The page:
The budgeting process and budgets themselves have significant impacts on management actions and performance, in both positive and negative ways. It is common at many local, state, or national governmental agencies, and nonprofit organizations, and even in some for-profit enterprises for managers to increase spending at the end of the budget cycle. This process, usually referred to as "use it or lose it" can be harmful to objectives of any organization. Managers do this, as they often feel that if they don't spend the amount that was budgeted this year, next year their supervisors will reduce their budget by the amount not spent in the current year. So, to avoid having their budget dollars reduced, managers often increase spending at the end of the year to ensure all budgeted amounts are spent even if items are not necessarily needed. This is more common in government and nonprofit organizations, but can be found in for-profit enterprises as well.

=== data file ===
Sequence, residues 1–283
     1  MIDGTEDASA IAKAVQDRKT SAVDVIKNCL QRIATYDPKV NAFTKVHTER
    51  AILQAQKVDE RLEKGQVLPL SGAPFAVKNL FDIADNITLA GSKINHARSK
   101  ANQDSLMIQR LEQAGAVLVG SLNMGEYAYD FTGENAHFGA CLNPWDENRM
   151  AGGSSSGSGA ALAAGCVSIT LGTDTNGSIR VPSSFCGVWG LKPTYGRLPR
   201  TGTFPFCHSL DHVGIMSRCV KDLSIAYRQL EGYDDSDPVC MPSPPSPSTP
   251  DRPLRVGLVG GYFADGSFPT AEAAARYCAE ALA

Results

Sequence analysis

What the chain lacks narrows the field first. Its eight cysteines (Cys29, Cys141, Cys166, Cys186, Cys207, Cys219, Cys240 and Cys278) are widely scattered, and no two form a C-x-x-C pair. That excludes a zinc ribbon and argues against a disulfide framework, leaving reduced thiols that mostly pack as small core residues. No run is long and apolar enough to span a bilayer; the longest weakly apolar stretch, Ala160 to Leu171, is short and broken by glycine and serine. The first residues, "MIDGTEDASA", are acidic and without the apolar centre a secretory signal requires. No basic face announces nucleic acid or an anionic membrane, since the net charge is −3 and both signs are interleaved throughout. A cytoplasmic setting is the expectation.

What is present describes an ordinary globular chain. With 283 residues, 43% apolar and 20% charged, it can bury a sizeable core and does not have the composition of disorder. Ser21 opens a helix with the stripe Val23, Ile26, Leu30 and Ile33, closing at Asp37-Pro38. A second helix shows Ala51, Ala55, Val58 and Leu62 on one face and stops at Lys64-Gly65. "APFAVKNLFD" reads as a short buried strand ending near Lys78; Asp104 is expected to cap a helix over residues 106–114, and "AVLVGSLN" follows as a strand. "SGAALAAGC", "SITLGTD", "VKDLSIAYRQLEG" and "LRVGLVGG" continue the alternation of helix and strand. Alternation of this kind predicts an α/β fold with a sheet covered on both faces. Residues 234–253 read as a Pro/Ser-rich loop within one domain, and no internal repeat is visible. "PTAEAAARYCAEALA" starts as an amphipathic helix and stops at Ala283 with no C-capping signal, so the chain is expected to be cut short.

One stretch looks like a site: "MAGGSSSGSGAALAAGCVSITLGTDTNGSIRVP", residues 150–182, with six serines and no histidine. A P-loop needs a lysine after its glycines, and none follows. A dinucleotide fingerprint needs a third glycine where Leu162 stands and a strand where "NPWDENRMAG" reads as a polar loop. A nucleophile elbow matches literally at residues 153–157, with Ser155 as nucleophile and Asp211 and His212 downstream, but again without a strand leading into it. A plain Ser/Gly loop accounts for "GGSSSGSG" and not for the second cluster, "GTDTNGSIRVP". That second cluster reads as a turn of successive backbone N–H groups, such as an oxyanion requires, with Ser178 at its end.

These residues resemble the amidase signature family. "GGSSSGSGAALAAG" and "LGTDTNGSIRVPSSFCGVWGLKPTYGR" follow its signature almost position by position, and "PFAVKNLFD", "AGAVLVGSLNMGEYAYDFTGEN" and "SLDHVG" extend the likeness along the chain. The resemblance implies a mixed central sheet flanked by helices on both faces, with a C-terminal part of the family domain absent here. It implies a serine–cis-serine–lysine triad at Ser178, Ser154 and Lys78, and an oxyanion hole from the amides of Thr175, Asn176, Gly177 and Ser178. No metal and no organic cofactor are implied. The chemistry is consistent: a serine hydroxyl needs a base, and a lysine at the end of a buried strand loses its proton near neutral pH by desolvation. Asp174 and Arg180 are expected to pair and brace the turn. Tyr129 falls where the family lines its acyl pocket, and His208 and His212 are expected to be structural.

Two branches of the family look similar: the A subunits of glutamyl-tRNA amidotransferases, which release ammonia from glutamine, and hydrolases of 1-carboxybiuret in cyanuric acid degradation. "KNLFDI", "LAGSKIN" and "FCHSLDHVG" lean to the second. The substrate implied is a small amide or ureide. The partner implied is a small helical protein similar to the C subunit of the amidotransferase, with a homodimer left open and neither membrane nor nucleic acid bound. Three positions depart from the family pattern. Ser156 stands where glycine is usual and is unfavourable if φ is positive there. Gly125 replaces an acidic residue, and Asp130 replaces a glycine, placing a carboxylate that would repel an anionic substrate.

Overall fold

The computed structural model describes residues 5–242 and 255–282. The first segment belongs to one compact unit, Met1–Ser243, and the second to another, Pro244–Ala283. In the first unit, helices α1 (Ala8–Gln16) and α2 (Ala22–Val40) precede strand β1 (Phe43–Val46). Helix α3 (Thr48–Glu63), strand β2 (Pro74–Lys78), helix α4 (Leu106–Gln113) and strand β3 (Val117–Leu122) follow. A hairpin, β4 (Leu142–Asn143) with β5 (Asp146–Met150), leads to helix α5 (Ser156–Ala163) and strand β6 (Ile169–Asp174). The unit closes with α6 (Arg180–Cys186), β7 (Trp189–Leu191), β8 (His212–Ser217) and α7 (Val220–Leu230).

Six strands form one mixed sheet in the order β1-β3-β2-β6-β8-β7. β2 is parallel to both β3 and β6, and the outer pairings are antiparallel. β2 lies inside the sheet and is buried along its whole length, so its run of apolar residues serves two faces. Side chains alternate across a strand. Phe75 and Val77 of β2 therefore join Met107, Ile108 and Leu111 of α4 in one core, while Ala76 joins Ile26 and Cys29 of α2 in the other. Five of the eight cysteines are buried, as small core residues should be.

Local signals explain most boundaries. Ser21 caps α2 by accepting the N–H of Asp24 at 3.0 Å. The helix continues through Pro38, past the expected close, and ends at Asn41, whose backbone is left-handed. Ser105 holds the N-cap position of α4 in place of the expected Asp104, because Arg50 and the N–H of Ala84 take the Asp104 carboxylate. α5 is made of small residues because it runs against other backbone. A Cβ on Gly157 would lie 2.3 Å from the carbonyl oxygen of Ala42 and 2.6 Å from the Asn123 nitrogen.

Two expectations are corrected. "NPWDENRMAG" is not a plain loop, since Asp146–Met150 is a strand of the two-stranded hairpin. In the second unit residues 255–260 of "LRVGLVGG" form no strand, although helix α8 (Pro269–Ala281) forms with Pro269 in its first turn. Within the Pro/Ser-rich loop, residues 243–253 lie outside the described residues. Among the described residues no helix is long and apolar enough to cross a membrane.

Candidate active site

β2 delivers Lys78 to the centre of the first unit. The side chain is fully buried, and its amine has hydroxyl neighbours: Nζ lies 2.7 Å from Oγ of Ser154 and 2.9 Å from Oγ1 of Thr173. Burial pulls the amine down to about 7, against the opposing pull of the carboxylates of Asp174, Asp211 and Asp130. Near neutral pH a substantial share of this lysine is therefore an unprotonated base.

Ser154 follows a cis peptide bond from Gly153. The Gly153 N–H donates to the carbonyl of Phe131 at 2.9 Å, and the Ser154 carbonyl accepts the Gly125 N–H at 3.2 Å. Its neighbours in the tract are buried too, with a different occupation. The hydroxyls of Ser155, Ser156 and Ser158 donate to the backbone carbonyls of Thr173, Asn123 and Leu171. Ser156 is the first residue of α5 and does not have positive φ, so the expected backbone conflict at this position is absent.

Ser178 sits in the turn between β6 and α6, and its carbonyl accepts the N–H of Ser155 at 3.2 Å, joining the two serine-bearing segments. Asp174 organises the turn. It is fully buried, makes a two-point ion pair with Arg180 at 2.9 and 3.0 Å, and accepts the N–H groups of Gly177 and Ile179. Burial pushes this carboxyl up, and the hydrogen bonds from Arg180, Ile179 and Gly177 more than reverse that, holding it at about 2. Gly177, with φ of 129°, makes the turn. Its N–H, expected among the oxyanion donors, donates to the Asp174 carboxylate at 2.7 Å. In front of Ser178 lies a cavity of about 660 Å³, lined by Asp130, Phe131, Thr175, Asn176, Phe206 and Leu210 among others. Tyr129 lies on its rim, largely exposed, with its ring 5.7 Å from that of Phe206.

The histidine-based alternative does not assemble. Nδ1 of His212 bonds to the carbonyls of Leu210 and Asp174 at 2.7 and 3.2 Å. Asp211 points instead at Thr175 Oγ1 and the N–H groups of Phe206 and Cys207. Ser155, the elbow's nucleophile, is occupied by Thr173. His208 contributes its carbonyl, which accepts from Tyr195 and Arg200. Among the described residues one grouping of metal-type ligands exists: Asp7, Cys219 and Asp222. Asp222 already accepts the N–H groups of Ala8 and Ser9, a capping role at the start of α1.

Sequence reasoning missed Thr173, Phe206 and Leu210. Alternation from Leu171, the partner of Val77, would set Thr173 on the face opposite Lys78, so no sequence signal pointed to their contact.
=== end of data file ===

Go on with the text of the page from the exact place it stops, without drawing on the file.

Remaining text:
Requirement: Write a memo to the budget managers in an organization, assuming you are the CEO. Your memo should direct budget managers not to utilize this approach, but also offer a logical rationale, and perhaps an alternative solution.© BrainMass Inc. brainmass.com October 25, 2018, 9:03 am ad1c9bdddf
There are many reasons why padding the budget and spending everything by year end should not be a practice of our team. Here are the top six and my suggested practice to avoid the temptation:
1. IMA Ethics
We are committed to the IMA ethical code. That means that we communicate fairly, with all relevant information, and avoid actions that result in personal advantage. Spending just to be sure that your budget continues at a certain level is not ethical and violates the IMA ethical code. This lack of integrity about how resources are used will reduce your professionalism and hurt the firm. And, once it becomes apparent that you have this practice, your integrity in other matters will be suspect.
2. Tone at the Top
One of the best barriers to fraud in an organization is the tone-at-the-top. The teams looks at us. If we shade the truth for personal advantage, they will think this is acceptable. And so when they take the overruns or fail to report a situation, they will be doing as we do. So, by showing the team that we don't mind a ...